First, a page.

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Spin lathe CNC upgrade helps rim maker
To reduce downtime on its spin lathes, the Specialty Rim Supply (SRS) division of Specialty Blanks Inc. (SBI, Terre Haute, Ind.) recently set out to improve the repeatability of its CNC control program.
The team implemented Hess Engineering's solution, which included Rockwell Automation's Allen-Bradley 9/Series CNC controller and Rexroth's servo-valves and valve controls. The 9/Series uses industry-standard G-code, which SBI reports is easy to learn and can be supported by many CAM programs. The company also selected Shop Systems ShopCAM software, which was adapted by SRS plant engineer Jana Nees to four-axis spinning; used to quickly develop rim profile CNC programs, without direct G-code modifications. This reduced SRS setup time by 25% and cut associated scrap by 85%.
Vision sensors enable seat recliner assembly
To build an assembly line for its new power seat recliner, Porter Engineered Products (Westfield, Ind.) determined that it needed vision inspection. Rich Oliver, Porter's manufacturing engineer, says. The line includes automatic and hand assembly operations, as well as a soundproof chamber for noise level testing. Mr. Oliver eventually designed and implemented an assembly line that includes four programmable controllers, seven vision sensors from DVT (Norcross, Ga.), three industrial computers, and several networks, including Ethernet, DeviceNet, RS-232, and Remote I/O.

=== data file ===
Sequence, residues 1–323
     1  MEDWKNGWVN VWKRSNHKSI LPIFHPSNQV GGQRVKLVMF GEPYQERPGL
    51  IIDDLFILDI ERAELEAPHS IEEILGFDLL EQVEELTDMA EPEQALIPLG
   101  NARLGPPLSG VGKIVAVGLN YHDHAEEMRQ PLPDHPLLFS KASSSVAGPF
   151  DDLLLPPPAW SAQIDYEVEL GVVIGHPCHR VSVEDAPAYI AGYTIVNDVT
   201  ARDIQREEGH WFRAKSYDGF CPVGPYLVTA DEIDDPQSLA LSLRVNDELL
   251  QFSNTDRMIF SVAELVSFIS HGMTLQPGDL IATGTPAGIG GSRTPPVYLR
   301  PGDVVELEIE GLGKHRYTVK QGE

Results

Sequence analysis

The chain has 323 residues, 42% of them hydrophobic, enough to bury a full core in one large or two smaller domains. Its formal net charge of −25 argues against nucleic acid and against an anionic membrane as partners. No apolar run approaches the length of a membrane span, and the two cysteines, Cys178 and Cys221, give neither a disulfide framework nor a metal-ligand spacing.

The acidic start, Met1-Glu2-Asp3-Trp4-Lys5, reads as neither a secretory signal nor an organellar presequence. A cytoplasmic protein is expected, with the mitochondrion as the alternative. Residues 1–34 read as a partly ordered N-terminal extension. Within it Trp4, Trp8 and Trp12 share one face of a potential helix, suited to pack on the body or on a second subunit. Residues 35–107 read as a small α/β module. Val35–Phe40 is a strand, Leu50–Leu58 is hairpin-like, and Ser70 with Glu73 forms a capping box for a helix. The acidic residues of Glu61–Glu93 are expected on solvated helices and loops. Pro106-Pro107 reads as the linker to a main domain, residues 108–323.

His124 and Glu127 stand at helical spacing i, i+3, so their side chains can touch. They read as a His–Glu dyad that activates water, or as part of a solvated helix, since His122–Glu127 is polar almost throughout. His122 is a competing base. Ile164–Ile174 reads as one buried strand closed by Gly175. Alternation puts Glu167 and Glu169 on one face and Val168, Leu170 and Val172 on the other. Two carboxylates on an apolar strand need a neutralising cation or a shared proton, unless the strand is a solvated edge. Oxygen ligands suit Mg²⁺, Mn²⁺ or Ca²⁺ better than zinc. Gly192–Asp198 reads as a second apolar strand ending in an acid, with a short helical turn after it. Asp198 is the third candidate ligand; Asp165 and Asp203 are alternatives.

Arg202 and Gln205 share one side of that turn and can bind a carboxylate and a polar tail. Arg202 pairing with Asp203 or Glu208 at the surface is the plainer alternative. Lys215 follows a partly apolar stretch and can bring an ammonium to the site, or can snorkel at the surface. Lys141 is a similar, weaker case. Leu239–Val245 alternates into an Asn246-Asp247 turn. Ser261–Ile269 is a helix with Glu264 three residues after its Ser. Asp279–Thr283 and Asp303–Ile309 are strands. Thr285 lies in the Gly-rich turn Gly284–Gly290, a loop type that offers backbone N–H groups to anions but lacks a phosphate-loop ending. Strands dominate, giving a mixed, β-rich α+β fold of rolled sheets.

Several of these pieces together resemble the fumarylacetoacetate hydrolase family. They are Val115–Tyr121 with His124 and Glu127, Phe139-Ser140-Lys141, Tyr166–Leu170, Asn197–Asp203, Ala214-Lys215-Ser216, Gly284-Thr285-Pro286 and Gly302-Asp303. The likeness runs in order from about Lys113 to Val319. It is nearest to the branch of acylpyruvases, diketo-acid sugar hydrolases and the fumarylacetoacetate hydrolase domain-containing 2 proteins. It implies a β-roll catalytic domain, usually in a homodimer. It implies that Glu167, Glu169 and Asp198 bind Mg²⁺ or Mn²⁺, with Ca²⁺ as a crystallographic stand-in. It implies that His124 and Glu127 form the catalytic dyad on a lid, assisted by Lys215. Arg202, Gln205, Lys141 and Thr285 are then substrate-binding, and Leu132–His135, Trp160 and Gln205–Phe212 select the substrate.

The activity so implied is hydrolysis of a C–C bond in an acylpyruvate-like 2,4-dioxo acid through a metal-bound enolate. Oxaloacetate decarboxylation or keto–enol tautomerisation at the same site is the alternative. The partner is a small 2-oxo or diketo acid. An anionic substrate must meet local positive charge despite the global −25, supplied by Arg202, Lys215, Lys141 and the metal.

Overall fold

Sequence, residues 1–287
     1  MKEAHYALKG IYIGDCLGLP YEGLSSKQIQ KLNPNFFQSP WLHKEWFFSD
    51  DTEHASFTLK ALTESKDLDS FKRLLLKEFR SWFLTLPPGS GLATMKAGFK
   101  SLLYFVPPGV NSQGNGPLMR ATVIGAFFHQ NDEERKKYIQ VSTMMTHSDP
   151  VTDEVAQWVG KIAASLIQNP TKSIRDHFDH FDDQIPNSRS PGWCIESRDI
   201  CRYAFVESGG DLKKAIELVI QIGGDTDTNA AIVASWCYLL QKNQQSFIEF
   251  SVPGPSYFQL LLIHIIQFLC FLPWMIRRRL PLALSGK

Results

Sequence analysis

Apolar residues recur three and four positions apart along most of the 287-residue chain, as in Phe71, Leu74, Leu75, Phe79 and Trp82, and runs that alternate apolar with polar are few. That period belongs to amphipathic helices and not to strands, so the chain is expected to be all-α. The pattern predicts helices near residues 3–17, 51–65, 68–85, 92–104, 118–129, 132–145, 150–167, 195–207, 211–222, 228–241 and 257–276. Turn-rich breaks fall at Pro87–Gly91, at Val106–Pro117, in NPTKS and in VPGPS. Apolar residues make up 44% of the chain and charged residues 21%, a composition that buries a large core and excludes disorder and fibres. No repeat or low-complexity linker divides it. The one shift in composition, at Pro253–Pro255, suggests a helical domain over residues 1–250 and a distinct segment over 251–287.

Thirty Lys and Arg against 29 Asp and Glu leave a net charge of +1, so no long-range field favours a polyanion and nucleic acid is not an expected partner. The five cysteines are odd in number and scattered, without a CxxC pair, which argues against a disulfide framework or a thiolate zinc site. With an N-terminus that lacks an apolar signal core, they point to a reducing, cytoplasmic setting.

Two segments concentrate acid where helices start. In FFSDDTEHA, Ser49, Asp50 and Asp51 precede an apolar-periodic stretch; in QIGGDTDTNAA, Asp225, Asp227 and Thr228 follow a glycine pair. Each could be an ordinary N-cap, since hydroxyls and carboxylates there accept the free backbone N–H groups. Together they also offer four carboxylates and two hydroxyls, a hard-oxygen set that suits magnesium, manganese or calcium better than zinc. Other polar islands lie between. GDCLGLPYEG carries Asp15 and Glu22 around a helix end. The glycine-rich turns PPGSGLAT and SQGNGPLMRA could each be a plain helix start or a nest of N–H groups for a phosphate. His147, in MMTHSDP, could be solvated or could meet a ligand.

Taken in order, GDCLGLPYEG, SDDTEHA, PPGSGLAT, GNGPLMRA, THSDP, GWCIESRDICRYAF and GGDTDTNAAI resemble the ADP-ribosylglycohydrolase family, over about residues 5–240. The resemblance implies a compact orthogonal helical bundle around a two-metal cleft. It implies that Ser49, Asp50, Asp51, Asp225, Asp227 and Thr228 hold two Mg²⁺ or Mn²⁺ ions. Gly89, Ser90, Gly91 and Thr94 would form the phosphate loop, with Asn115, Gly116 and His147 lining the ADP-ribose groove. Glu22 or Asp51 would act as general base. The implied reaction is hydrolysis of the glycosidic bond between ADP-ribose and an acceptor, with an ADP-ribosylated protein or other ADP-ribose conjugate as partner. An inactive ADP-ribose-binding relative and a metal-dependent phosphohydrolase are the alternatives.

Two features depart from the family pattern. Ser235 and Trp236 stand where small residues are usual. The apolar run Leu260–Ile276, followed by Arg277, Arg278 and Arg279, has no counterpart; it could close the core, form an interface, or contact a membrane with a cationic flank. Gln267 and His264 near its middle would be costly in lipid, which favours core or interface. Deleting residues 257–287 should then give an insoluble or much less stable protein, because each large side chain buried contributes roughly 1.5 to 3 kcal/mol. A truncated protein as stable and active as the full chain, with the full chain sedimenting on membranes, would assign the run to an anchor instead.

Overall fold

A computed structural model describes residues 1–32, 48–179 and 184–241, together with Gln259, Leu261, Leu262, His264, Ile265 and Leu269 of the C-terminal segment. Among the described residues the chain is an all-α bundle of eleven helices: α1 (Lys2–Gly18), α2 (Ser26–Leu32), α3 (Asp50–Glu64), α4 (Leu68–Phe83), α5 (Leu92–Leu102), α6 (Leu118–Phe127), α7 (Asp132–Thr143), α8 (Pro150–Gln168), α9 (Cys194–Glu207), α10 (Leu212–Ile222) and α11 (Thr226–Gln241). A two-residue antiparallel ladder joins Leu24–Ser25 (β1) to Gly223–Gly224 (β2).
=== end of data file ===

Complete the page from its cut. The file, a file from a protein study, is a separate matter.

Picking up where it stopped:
To allow examination of the entire part, he mounted and coordinated cameras on servo-controlled arms above and below the line, and then generated information to a database via Ethernet. Mr. Oliver says he selected DVT's sensors for their PC-based set up, but also because DVT agreed to develop an interface for supporting Rockwell Automation's Ethernet/IP protocol. Up and running for several months, Porter's new assembly line recently increased output due to the success of its new recliner device.
Gary Mintchell, senior editor, email@example.com
VFDs reduce energy use by office tower's large-HP chillers
A recent retrofit of two 1,000-ton chillers with variable-frequency drives (VFDs) at San Diego's 34-story One America Plaza is helping engineers at the 506-ft office tower use energy more efficiently, and cope more easily with California's deregulated and skyrocketing electricity prices.
The chillers previously consumed 50% of the building's total energy draw. Without the ability to turn the speed and horsepower of the compressors up or down to parallel variances in outside temperature, the chillers formerly ran at a constant, often excessive, speed. This wasted a lot of electricity, which now averages 30 cents per kW hour, compared to 9 cents per kW hour in early 2000.
"Motor drives make it possible to operate compressor pump motors at the speed needed for the capacity required," says Mike McMahan, senior engineer for Control Technology (Vista, Calif.), a system integrator that installed two new 1,000-hp ACS 600 series VFDs from ABB Inc. (New Berlin, Wis.). Thanks to the efficiency delivered by ABB's drives—not to mention California's deregulated and accelerating electricity costs—estimated payback for the two drives has already decreased from 2.5 years to 1.5 years, and continues to decline as energy costs increase.
For more information visit www.abb-drives.com .
Jim Montague, news editor, firstname.lastname@example.org
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